No scent-eliminating spray can remove your natural scent completely. So, examine the wind direction, and pick the right place to avoid spooking the deer.

The whitetail can easily see the sunlight that hits your face. Therefore, pick the sides for morning and evening or build two blinds: one for the morning and one for the evening.

11. Restricted movement

Don’t set your angles or scope at a particular spot, because that will restrict your horizon and make you lose your target in seconds with a single shooting lane. As you know, it takes time to lock the target, with field judgment and positioning the weapon.

Find a place where you can see the deer’s movements at different ranges and levels. This will give you a perfect shot with different shooting lanes and more time to lock the target.

12. Comfort zone

Slow and steady wins the race. It’s a long job, so make yourself comfortable. Don’t wait by the window all the time. Get a comfortable blind chair to sit. Have a sleeping bag to rest in there too. If you take rest and get fresh, you’ll have a better chance to fill the bag.

You might face harsh weather conditions. So, prepare yourself for that as well. You can take snacks and mobile phones with you as well.

13. Patterning the deer

You are supposed to pattern the whitetail deer before it predicts the human presence. This could change its whole routine and pattern if it senses any death threats.

Try installing the blind at least a week earlier to get rid of the materials’ smell and absorb the natural smell. This will become a friendly sight for the deer so it won’t suspect any danger. Use black clothes or camo clothes for concealing you properly in the blind.

14. Right wind direction

Finding the right wind direction is extremely important.

One reason is that the wind can bring a slight change in your bullet or arrow direction. This minor change can make you miss the target. For the rifle, use a modified scope to help you be more precise about the bullet travel.

Secondly, the wind can take your or the blind’s scent to the deer, causing it to flee. Hence, waiting for the right wind is vital instead of wasting your time.

15. Installing a blind after proper scouting

Clearly, ground blinds are not a choice when you’re scouting. However, once you’re done scouting and knowing all the visiting spots of the prey, you’re ready to set up a ground blind.

At this moment, the blind will help you conceal yourself. A brushed-in ground blind will provide the best place to hide your movement and your smell as well. With this blind, even the whitetail deer won’t have any clue about you.

16. Portability

Find out about the bedding and feeding spot of the deer and set up near those areas. If the worst happens and you don’t find anything for days, you should move from the place and follow their route.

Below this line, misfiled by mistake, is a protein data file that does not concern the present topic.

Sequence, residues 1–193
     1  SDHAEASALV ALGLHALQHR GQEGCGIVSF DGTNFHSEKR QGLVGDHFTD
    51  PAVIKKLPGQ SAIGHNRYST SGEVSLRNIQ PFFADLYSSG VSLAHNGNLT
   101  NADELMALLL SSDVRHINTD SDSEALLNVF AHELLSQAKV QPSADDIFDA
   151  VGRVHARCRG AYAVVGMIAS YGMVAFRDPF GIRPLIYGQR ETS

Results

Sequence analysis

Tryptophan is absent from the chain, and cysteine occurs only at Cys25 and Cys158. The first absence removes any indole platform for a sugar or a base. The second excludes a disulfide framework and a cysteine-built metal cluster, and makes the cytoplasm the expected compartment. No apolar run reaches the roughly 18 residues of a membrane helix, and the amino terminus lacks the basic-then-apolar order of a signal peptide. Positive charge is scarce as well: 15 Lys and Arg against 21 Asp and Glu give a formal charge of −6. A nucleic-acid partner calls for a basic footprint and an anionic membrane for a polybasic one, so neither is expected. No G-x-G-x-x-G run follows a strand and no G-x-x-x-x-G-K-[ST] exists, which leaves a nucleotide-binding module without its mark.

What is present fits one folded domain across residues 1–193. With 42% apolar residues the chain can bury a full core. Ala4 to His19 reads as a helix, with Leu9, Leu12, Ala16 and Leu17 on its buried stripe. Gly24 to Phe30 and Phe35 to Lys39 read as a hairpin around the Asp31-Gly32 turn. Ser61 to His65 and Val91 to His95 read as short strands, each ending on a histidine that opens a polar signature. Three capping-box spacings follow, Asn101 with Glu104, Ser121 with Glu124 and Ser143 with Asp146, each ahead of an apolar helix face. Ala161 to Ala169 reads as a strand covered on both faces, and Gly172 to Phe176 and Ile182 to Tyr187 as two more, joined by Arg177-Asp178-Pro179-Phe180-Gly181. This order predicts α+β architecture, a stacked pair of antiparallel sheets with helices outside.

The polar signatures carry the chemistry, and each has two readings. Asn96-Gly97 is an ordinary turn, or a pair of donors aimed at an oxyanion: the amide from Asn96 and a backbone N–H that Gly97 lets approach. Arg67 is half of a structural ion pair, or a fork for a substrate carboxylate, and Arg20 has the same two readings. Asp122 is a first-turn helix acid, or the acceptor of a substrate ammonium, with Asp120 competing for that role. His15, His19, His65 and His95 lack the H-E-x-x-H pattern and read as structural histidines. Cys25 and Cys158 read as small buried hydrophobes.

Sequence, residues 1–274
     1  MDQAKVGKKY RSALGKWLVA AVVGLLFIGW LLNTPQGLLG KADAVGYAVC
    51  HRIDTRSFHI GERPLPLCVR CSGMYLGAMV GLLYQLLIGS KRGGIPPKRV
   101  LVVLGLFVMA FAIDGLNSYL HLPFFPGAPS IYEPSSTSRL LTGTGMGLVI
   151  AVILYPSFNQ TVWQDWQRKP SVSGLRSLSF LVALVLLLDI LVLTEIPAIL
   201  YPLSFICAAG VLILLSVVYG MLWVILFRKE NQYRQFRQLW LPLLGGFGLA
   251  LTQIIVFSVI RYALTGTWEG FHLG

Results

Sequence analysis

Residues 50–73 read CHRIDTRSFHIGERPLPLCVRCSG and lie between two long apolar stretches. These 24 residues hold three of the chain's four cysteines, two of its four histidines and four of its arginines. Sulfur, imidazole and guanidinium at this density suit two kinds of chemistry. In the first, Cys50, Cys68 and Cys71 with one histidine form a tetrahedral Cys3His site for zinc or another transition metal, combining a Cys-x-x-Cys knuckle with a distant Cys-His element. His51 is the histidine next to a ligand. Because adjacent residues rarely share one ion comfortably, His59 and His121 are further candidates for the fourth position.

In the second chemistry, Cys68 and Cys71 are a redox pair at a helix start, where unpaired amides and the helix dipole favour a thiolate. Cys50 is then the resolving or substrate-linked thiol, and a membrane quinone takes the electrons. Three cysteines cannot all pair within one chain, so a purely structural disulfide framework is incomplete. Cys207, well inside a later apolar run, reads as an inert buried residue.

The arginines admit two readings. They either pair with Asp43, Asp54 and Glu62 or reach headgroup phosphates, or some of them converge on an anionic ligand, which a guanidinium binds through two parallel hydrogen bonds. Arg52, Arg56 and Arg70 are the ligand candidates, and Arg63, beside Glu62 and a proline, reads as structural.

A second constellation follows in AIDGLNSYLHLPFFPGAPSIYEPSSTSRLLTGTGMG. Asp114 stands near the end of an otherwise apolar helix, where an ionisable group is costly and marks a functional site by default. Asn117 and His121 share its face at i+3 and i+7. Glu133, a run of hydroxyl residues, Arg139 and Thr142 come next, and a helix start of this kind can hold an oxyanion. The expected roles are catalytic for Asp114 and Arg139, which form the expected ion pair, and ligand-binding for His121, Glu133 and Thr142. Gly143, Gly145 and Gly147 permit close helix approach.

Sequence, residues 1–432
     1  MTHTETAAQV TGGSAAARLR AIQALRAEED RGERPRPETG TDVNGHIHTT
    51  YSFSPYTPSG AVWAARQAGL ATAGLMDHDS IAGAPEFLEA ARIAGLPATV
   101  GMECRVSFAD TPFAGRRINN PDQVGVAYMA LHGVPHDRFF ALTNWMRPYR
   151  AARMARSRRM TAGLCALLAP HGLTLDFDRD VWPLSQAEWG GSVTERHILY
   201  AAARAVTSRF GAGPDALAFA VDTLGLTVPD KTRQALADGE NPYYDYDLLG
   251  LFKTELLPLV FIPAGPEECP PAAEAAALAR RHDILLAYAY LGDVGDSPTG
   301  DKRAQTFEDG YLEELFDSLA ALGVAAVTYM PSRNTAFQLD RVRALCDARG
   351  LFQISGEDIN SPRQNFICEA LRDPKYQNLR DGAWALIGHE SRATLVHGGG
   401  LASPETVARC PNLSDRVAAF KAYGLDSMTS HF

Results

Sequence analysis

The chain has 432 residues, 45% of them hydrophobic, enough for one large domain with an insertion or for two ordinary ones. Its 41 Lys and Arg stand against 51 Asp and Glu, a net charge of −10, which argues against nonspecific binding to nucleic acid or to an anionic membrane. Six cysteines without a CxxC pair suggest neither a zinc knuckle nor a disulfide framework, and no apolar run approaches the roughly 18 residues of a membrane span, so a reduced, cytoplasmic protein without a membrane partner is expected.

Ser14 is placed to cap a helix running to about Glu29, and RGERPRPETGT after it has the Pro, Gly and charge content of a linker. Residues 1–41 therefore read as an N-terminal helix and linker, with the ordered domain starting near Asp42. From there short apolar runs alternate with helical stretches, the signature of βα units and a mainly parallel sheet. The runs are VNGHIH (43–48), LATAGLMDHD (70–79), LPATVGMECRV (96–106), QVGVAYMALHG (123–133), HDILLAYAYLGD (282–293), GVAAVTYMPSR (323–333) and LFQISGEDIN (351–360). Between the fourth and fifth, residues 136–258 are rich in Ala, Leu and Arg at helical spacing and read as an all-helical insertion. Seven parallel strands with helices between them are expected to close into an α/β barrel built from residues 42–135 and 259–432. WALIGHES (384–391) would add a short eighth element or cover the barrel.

Rifle-hunting-through-ground-blind-Portability

These ground blinds are portable and easy-to–move. You can detach your blind in no time, fill in your range bag, and easily install it somewhere else. Due to their portability, they’re a great deer hunting tool.

 

Conclusion

We believe our tips will greatly help increase your chances of success when out in the wild. Find a good spot, set up your bind, and wait patiently for that clean, humane shot.

FAQs

1. Can deer see you in a ground blind?

Ans. Yes and No! At a close distance, it can see you when you make small movements. And no, when you make a calculated movement. So, stand back in the blind to avoid giving any perceptive glimpse of yours, or your weapon.

2. Will a ground blind scare deer?

Ans. Unfortunately, yes. It can scare off the deer, but you can avoid this by wrapping the camo tarp with vegetation. To avoid its smell, use cedar woods or some smell-eliminator around the blind.

3. Do ground blinds control scent?

Ans. Normally, ground blinds don’t control scent. There are two ways to eliminate that smell:

  • Wrap vegetation around the blind and keep it there for some weeks.
  • Use odor-suppressor spray.

4. Should you wear black in a ground blind?

Ans. Ground blinds need to be dark inside. So, it’s good that you put on dark clothing to mix with that habitat. What’s even better is to wear camo clothes and makeup though that’s not applicable to your base layer.

5. Do ground blinds spook deer?

Ans. Yes. If you don’t conceal yourself or your blind properly, you can easily spook the deer because they have a great sense of smell and sight. Keep this in mind when making a ground blind yourself.

About the author

Carolina Pina

A Passionate Toxophilite

Carolina believes that hunting is not about downing an animal; rather, it’s about enjoying the purity of this challenge and making a connection with nature. She loves country music, horses, shooting, and hunting; and spends her weekends in the great outdoors with her husband and two kids.